If the National Association of Realtors has re-sold America on the joys of homeownership after a brutal real estate recession someone still needs to sell us on the joys of moving. For the past three weeks we’ve been living in day-to-day contingency limbo surrounded by three tons of life in U-Haul boxes. We’re scheduled to close in ten days and have been eating take-out for a week so we don’t get our stove dirty.
For those of you who have been following our Live Historic adventure so far in our recent Live Historic blogs, selling our current historic house is the first big step of our journey. Buying a vintage Airstream comes next, followed by a four month architect-inspired, nautically-crafted renovation. We’re hitting the road this winter no matter what.
If this all sounds simple, it’s not.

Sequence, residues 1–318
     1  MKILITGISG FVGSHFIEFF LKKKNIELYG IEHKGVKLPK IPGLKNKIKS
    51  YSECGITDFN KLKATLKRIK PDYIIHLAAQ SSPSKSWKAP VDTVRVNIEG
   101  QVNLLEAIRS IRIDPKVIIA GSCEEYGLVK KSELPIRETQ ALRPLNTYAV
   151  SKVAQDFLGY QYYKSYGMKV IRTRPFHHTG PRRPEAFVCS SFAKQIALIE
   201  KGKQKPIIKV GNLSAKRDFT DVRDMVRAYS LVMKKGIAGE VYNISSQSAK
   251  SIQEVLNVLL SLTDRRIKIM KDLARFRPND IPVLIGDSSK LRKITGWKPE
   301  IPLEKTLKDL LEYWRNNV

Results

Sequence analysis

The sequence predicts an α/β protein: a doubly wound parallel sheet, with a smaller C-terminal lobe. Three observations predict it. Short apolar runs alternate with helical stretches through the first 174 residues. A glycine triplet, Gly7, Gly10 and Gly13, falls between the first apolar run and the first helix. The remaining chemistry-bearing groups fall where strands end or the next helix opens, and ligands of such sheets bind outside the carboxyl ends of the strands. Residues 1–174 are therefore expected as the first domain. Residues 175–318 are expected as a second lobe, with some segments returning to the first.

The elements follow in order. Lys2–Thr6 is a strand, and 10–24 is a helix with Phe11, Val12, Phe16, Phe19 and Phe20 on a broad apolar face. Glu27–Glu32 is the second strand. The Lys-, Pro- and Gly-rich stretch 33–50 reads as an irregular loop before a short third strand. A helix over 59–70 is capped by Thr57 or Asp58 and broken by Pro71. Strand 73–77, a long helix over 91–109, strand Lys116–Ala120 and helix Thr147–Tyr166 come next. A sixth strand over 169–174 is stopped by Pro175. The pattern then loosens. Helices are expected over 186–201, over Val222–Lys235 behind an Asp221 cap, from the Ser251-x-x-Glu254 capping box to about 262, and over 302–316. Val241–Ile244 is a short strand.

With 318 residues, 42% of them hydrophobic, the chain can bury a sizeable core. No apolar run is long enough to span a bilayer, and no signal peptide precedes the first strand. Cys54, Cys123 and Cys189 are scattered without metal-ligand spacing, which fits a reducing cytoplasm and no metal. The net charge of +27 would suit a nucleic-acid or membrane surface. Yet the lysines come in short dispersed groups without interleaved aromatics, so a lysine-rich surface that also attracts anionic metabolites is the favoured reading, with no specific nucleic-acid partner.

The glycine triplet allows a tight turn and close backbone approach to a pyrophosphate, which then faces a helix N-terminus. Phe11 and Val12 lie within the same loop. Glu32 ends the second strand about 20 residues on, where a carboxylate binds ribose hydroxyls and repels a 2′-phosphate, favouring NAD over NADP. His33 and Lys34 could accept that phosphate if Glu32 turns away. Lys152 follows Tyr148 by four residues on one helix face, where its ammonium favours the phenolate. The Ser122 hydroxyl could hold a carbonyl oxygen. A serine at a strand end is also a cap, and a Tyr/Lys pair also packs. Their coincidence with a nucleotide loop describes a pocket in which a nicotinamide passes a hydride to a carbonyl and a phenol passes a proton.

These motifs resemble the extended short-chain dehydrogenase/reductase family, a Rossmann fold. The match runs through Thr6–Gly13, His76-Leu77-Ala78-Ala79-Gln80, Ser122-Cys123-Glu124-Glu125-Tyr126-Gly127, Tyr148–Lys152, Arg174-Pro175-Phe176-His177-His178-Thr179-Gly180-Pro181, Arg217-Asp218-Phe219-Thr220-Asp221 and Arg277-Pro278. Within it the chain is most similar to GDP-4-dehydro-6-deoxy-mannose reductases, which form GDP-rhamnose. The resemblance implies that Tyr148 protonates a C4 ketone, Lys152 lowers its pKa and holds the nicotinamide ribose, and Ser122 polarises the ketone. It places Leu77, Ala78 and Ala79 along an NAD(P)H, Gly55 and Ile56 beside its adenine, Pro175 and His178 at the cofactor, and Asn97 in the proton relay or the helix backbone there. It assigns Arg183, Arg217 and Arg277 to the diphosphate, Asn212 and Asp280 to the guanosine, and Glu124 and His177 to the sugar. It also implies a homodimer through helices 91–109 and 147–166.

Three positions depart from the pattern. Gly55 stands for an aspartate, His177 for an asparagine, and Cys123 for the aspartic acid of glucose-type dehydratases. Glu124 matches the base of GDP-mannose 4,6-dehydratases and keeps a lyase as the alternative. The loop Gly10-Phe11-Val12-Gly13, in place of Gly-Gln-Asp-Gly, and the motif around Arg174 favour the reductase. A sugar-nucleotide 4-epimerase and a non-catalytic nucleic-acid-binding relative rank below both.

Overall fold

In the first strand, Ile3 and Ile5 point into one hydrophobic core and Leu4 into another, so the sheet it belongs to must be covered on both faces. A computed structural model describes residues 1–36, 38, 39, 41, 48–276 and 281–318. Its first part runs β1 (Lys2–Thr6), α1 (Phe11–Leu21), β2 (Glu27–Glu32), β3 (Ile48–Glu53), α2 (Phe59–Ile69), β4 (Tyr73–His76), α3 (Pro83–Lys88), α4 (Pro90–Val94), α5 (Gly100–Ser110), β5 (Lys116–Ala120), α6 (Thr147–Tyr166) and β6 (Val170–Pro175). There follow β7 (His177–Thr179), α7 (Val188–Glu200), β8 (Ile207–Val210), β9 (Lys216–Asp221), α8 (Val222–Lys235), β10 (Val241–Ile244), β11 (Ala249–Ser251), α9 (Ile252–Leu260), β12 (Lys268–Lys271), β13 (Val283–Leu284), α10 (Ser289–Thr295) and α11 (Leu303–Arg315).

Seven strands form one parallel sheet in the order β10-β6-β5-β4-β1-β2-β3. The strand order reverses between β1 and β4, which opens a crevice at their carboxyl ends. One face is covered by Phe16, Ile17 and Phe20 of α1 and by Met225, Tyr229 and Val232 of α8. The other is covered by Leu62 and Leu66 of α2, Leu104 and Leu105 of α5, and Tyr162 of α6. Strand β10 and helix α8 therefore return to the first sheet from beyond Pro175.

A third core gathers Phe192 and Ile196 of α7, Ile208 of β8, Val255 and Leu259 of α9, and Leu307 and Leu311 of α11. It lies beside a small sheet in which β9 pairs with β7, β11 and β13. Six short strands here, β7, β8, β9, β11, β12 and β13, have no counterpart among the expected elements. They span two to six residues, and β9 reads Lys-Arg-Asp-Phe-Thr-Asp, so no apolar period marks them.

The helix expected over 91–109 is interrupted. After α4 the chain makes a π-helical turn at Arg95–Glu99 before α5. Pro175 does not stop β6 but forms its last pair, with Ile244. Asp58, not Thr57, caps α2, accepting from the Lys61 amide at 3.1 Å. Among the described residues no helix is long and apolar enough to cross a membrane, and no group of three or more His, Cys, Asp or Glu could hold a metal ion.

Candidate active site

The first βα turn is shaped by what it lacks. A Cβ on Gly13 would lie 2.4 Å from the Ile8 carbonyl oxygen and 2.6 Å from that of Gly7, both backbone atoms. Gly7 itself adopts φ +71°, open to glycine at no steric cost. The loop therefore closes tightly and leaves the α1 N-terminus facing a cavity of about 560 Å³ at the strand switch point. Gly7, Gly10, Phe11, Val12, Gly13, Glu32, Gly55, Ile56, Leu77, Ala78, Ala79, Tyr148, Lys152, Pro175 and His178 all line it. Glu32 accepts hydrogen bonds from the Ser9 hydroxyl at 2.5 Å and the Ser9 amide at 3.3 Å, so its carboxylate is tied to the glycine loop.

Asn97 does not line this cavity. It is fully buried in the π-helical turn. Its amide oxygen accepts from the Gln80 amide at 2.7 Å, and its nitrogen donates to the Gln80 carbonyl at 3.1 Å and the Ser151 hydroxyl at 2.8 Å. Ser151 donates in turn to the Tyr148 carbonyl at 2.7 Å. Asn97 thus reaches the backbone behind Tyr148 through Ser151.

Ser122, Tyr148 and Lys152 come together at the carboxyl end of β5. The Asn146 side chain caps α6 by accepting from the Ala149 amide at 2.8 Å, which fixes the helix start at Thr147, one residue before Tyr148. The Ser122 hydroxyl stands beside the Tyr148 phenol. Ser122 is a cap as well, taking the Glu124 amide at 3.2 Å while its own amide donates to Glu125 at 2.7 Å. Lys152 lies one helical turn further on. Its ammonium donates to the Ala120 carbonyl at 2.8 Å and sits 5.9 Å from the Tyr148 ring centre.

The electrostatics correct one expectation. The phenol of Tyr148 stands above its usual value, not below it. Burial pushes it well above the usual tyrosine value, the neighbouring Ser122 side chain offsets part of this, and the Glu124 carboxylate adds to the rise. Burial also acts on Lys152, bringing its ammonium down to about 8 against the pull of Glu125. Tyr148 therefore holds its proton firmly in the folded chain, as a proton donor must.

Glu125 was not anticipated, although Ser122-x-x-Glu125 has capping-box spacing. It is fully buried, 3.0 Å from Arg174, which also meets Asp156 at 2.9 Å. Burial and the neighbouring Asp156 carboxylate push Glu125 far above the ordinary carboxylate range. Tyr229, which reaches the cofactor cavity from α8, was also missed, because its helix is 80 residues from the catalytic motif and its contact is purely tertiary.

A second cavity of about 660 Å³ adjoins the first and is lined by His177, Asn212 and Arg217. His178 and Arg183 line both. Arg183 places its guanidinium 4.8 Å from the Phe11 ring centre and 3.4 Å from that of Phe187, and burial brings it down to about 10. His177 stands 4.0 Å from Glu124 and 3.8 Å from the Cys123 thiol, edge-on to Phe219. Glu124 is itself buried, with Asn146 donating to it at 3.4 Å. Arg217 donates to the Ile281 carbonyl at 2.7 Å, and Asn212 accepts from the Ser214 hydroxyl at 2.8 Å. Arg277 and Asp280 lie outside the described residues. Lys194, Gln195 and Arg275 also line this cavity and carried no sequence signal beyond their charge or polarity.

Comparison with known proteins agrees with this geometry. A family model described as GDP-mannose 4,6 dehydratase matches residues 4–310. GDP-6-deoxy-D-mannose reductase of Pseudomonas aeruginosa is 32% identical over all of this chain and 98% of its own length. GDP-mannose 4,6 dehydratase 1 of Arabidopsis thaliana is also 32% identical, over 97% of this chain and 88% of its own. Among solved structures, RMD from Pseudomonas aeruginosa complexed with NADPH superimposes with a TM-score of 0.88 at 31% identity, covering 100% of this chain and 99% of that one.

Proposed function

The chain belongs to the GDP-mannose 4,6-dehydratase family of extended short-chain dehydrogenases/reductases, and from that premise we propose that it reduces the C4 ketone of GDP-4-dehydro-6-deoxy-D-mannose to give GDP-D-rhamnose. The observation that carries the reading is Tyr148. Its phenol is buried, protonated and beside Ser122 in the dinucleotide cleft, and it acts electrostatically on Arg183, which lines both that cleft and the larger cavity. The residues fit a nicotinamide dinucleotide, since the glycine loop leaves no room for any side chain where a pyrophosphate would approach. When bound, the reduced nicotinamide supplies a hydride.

Contrary to everything you were told when you were young—that you could do anything you want when you grow up—being a dreamer isn’t natural for most of us. We all realize sooner than later that we’re not athletic enough to be a professional hockey goalie (like I wanted to be). In high school everyone eventually specializes in something; I knew by 10th grade I was never going to be a mathematician. Then you wake up two decades later and find yourself doing something for a living that you never even knew existed when you were young. Dreams don’t come with implementation manuals for adults either—and therein lies the most precarious part. Even if you remember how to dream about re-inventing yourself no one can tell you how to get you there.